Night time hiking and temperature estimates for March

Night time hiking and temperature estimates for March

A friend of mine is ex-military, and he suggested that I should plan my route and schedule on my hike so, that I will get the night time hiking experience also. I really like the idea – though it reminds me of my army service… In During March in Northern Finland, there still should be northern lights and bright moon to give some light, and with plenty of snow, you should be able to see just fine as long as the weather is decent.

How to plan resting if hiking in night

If I choose a day when I make a shelter earlier, say 5 pm, and take a nap until 10pm, then should be enough sleep to keep going until 3-4 am. Then back to sleep and I should be back in normal rhythm quite easily. I am really looking forward to the northern lights and how silent will nature be! I’m kind of not worried about my appetite and sleeping patterns even if I changed the sleeping and eating rhythm upside down. I believe I’ll eat like crazy all day long with the amount of energy I have to use during hiking. Dehydration is the only thing I need to keep in mind, as cold weather fools you easily not to notice you have to drink.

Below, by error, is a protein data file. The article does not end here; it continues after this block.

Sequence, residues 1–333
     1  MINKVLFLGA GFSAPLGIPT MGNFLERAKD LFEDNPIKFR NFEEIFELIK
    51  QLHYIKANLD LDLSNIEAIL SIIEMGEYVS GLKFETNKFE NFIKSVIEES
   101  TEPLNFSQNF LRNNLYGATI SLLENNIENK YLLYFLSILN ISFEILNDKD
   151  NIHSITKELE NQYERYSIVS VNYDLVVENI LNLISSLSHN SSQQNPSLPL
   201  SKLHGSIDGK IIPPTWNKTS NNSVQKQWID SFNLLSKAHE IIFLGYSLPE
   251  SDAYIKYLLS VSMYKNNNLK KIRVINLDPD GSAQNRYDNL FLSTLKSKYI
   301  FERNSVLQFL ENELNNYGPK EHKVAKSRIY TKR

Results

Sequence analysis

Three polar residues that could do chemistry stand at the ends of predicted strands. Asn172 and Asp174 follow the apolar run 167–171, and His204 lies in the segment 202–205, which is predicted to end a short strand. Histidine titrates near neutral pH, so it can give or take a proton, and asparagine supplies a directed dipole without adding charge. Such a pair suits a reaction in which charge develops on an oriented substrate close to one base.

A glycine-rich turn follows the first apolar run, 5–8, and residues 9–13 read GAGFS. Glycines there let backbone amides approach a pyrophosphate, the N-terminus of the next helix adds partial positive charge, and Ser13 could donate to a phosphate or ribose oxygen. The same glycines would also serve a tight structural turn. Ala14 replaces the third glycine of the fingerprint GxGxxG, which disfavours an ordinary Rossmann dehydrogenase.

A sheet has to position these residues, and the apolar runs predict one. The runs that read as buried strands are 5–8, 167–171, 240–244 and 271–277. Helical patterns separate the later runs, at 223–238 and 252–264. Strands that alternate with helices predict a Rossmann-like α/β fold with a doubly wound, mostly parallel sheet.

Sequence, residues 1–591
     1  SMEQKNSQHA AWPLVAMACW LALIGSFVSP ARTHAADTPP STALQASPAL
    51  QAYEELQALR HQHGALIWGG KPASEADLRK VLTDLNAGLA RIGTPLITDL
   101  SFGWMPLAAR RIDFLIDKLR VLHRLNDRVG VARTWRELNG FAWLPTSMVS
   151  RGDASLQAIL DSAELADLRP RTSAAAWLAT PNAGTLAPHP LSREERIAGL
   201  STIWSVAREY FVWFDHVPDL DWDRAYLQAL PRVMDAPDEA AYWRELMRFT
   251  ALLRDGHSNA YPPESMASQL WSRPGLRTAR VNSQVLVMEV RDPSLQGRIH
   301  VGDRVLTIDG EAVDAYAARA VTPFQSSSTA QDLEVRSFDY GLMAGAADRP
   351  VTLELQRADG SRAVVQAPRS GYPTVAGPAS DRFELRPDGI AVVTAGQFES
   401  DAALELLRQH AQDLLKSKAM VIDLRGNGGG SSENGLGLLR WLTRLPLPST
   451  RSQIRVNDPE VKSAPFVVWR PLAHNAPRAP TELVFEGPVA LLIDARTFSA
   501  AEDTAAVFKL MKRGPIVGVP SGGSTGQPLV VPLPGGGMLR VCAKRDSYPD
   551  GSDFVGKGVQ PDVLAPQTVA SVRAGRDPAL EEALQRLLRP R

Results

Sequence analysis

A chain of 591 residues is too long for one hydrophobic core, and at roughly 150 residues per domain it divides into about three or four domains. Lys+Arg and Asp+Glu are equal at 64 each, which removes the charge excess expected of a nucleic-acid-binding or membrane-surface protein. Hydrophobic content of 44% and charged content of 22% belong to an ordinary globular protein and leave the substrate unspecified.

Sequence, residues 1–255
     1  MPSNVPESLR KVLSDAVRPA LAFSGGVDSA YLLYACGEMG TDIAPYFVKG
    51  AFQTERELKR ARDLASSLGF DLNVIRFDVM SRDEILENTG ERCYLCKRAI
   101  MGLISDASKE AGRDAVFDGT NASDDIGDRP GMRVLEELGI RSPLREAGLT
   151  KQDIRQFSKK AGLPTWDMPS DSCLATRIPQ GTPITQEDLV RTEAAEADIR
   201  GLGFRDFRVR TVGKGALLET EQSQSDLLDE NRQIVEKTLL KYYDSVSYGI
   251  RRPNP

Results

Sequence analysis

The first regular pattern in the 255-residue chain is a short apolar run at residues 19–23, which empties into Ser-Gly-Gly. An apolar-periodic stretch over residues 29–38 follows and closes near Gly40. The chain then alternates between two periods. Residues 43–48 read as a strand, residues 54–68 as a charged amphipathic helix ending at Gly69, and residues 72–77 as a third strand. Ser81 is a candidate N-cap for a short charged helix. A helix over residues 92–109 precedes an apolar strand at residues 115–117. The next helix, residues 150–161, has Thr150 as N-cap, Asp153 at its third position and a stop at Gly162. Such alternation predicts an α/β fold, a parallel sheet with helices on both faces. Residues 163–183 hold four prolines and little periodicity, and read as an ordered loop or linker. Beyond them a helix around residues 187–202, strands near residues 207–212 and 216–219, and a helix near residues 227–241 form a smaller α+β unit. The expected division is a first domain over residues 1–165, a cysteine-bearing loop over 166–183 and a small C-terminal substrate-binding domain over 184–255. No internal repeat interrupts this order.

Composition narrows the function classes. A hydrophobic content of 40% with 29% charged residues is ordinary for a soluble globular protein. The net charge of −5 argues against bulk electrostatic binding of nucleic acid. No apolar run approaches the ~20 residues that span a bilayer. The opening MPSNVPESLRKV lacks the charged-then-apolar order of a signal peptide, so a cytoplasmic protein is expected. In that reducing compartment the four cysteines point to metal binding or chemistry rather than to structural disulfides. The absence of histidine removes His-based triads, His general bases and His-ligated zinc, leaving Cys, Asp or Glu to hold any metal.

Night time hiking will be shed light on by northern lights
Photo credits to JHGilbert.

… A quick check from statistic centre revealed March as one of the best times to see northern lights! Woohoo. Early spring traditionally has fewer clouds, and northern lights are more likely to happen.

Temperatures and weather dictate your gear

Statistics sucked me right in and last year temperatures were somewhere between -5 and -20 Celsius. 2017 March temperatures were a little warmer, between 0 and -17 Celsius. Neither of the scales looks too frightening, as I’ve prepared for (at least mentally) -20 celsius.

What I’m most worried about are the breaks and camping parts of the hike. I’d like to be able to make a fire and enjoy the dark evenings before going to bed, but this requires some warm clothes. I’m updating my gear list here.

In the gear list, I’ve got this L1-L6 layer numbering system. If you are familiar with layer clothing, this should all make sense, if not then let me know, and I’ll do a post about it. Planning layers L1 and L2 to me seem to raise the most doubts. Realising you are wearing too little or too much after an hour of hiking in a scenario where you are wearing L1, L2 and a work or shell layers (L4 or L5), will be a pain – especially if wearing too much you need to strip down, remove boots and then you find your self-standing half naked above the tree line with a cold breeze. Add this to night time hiking and: Hello shrimp in the dark!

Now that I I wrote it down it became even more real in my head. I need to go and practise this when it gets colder!

Leave a Reply

Your email address will not be published. Required fields are marked *